Betty J. Eadie (1992). Embraced by the light. Placerville, CA: Gold Leaf Press.
Book Review by Ozodi Thomas Osuji
First, I will summarize the book and thereafter examine the implication of the reality or lack thereof of life existing after we die.
The story is that in 1973 thirty one years old Betty J. Eadie, an American woman of mixed Irish and Indian heritage had a near death experience. She had had seven children and decided to have a hysterectomy so as not to have other children and went to a hospital to have that operation. The operation went well and she was returned to her hospital room.
With no one present, during the night (around 10 PM) she said that she died and had a near death experience (the nurses and doctors were not there to corroborate her supposed death...five years later, responding to folks who asked her for evidence that she indeed died, she went back to the hospital to ask the doctor who worked on her whether there was medical complication during the night that she said that she died; we did not get clarity on that subject from her doctor).
Taking her word for it and, indeed, she died, she reported going through the usual process those who claim to have had near death experience report. She saw herself outside her body, hovering over her bed, then left the hospital room, visited her home and saw her family members at home. Upon realizing that she could not relate to them, touch them since she is now in a different form from them, and they could not see her, she left her house.
At some point she found herself in a dark ambiance, a place of total darkness. She looked up and saw a pinprick of light and was attracted by that light. She travelled to that light (travelling at a speed that exceeds the speed of light). As she was traveling in the darkness she felt happy, joyous and peaceful. She sensed that many other persons were also traveling in that darkness (presumably dead people moving to the world where folks go upon death).
Thereafter, she found herself in what seemed like a tunnel and went through it and emerged in a place of light. In the place of light she saw a figure she claimed is her Lord and Savior, Jesus Christ.
She was happy to see him and asked him loads of questions and he gave her responses (the answers essentially rehash what other near death experiencers tell us about life after death and the philosophy thereof).
She was then sent to explore her new environment. Accompanied by two women she visited several places, including a garden, a greeting or welcoming party of sorts, many worlds and then returned to the world of life after death.
She saw how people in the world of light decide to come to our world; how they select their earthly bodies, parents, and place of birth and then jump into our world (into pregnant women) and are born on earth.
She talked about various ideas generally associated with new age philosophy, such as life review (what Easterners call Akashi records containing everything we did while on earth).
She was brought to a council of twelve men and Jesus (this scene is reminiscent of Jesus and his twelve apostles); the counselors told her that her mission on earth had not been performed, is not done and that her death was premature and that she had to return to earth to complete her mission (the philosophy is that each of us came to earth for a mission). She was happy where she is and did not want to return to painful earth but after a bit of cajoling she accepted that she had to return to earth.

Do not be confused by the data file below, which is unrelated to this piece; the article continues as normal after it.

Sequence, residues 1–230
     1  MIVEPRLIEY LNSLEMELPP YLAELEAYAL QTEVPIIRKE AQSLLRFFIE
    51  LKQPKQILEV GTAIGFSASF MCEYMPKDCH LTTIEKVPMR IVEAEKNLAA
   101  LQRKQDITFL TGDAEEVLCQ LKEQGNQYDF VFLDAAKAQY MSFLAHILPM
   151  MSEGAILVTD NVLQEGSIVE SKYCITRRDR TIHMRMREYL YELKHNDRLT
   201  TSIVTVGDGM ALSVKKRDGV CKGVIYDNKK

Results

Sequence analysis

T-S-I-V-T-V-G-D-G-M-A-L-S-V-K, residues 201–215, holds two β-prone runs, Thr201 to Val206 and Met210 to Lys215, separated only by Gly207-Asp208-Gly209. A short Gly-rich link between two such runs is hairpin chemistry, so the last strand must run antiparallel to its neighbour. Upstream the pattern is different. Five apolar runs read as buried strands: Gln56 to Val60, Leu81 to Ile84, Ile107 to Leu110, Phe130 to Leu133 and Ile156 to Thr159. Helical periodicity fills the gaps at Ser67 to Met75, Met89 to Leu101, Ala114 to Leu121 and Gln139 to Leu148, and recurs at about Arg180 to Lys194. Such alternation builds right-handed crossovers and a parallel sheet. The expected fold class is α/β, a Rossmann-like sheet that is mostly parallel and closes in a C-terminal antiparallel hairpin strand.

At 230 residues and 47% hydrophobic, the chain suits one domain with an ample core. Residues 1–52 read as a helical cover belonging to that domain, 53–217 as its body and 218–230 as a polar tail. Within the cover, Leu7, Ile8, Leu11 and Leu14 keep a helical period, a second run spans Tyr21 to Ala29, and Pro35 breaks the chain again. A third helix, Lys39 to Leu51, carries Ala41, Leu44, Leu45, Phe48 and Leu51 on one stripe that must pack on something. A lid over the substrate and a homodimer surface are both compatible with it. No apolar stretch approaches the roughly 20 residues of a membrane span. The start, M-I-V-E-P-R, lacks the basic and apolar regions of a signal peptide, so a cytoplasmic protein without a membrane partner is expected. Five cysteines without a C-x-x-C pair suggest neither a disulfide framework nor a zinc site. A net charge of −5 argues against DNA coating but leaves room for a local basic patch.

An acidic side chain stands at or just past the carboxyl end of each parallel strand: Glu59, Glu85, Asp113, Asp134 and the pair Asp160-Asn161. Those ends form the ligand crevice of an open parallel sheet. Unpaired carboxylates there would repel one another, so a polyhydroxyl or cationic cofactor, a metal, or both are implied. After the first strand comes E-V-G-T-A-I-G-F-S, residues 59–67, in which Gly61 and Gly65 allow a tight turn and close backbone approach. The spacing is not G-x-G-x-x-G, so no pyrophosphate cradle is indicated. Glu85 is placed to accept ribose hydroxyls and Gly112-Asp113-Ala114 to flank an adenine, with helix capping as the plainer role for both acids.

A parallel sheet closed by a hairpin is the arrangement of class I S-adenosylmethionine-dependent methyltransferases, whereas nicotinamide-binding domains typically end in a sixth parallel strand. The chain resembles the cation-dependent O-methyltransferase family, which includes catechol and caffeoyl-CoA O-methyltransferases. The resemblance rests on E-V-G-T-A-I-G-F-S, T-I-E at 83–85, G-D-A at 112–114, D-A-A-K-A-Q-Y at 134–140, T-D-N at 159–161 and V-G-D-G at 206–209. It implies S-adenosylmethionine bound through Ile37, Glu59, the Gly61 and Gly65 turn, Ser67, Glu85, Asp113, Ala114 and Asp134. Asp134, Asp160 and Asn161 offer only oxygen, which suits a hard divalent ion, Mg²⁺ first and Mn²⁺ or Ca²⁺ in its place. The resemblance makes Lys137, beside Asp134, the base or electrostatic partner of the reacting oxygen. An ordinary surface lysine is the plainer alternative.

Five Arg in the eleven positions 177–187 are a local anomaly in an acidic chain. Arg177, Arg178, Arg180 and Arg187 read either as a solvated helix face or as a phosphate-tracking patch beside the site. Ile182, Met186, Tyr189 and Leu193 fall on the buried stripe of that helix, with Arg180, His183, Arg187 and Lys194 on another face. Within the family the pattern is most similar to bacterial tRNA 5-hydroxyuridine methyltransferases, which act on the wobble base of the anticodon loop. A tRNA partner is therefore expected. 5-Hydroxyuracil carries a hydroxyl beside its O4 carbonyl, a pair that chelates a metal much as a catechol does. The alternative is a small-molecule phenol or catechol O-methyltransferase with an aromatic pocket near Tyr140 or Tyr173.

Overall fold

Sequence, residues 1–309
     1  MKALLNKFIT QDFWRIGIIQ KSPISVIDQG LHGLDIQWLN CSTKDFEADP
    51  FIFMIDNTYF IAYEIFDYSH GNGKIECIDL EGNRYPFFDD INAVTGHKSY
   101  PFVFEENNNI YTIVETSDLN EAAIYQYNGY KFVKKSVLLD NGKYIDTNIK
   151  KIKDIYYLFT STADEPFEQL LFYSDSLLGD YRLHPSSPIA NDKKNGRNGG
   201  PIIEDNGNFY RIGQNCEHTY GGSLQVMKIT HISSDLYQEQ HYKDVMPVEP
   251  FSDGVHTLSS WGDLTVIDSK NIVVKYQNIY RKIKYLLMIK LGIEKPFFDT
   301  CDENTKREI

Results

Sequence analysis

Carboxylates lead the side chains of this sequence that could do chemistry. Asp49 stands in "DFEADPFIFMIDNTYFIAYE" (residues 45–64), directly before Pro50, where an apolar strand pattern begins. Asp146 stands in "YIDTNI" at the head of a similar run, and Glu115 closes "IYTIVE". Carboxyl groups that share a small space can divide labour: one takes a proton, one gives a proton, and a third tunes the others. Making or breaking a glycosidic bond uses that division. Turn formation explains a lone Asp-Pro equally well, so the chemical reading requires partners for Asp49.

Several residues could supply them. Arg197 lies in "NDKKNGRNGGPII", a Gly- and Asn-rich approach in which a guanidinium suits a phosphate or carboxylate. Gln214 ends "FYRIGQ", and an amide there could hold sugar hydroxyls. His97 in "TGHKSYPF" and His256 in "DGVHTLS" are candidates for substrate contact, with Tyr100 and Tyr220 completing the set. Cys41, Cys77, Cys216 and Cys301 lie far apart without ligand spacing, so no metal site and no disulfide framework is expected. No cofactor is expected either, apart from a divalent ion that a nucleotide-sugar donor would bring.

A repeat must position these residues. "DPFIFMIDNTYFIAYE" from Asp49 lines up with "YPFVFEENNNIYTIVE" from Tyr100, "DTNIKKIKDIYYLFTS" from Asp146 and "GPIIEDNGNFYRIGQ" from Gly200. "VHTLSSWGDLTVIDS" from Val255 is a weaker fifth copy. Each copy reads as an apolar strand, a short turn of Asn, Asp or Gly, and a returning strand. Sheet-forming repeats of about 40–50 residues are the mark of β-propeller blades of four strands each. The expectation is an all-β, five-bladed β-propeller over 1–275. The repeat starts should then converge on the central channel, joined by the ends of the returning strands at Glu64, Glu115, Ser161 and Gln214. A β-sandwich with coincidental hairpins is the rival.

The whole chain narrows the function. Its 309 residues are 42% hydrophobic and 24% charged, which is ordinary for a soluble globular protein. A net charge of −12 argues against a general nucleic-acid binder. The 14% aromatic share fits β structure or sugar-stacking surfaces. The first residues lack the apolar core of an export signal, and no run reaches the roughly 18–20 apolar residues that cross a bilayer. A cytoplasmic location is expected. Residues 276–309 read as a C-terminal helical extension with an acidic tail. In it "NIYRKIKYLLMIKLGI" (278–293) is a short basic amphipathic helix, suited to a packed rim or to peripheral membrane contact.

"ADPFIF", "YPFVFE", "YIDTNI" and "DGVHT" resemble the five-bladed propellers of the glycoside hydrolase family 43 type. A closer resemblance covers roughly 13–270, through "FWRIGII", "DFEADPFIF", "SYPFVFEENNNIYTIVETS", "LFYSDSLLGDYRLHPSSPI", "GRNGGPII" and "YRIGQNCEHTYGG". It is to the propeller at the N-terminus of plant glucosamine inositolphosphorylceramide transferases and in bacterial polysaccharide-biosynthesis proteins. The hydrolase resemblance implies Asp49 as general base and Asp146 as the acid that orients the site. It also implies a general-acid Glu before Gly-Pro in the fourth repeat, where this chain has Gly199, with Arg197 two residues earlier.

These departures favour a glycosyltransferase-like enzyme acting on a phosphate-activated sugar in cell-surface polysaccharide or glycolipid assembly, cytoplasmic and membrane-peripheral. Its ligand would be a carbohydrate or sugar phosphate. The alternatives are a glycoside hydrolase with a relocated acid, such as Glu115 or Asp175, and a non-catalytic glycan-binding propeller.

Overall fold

There was a farewell party for her and she returned to earth and reentered her body and felt the limitation of living in body.
She said that she told her husband and children what had happened to her but did not tell the hospital staff. Apparently, the hospital staff did not tell her that at some point during the evening she had died or was in a bad way and they had to resuscitate her (this makes her story fishy, some would say).
Twenty years later (1992) she wrote a book on what happened twenty years earlier in her life (from what we know about human memory, folks often do not recall what happened twenty years ago accurately; this would cast doubt on the veracity of her story but let us give her the benefit of doubt and go along with her story).
Are near death experiences true? Atheists would have no difficulty dismissing them as rubbish. Some psychologists tell us that perhaps some changes take place in the brain of dying persons that make them have the hallucination, dream or vision that they call near death experience.
In so far that we only have to take the word of those who tell us that they have gone through these experiences obviously we can only believe them on faith or dismiss what they say as a kind of hallucination or dream.
Until we all can verify that folks really do go through near death processes all we have is the word of those who tell us about them. From what we know about human nature some people do tell the truth and some tell lies.
The skeptical part of us asks: was Betty Eadie telling us the truth or did she make up the seeming fabulous story she crafted in her book to sell a book and make a decent living?
Our experience tells us that some folks are deluded and in their delusion disorder could make such stories up and believe in them when they are not true.
Let us for the moment assume that folks do, in fact, see the world that they tell us that they saw during their near death experiences. We could say that they had an interesting dream.
In our nightly dreams we do see a world that looks like our day world and while in them accept them as real but when we wake up in the morning know that they are not real, that we were only dreaming. Dreams are not real, we tell ourselves and forget them and move on with the business of living on planet earth.
In effect, what these near death experiencers saw could be another form of dream and they ought to forget them and move on with their lives.
Talking about dreams, one may ask: how are our brains able to produce dreams at night, and if the near death world is also a dream, produce them? We know what our brains are composed of.
Our brain is largely composed of cells (neurons). We know about the shape of neurons and their composition and how they communicate with each other through elaborate neurotransmitters. We know what takes places at the synapses where two neurons meet and exchange calcium ion, potassium ion, sodium ion, magnesium ion, and other ions (ions are elements with their electrons either increased or reduced during chemical reactions). We understand the role of neurotransmitters, such as neuropiniphrine, serotonin, dopamine, acetylcholine, GABA, endorphin.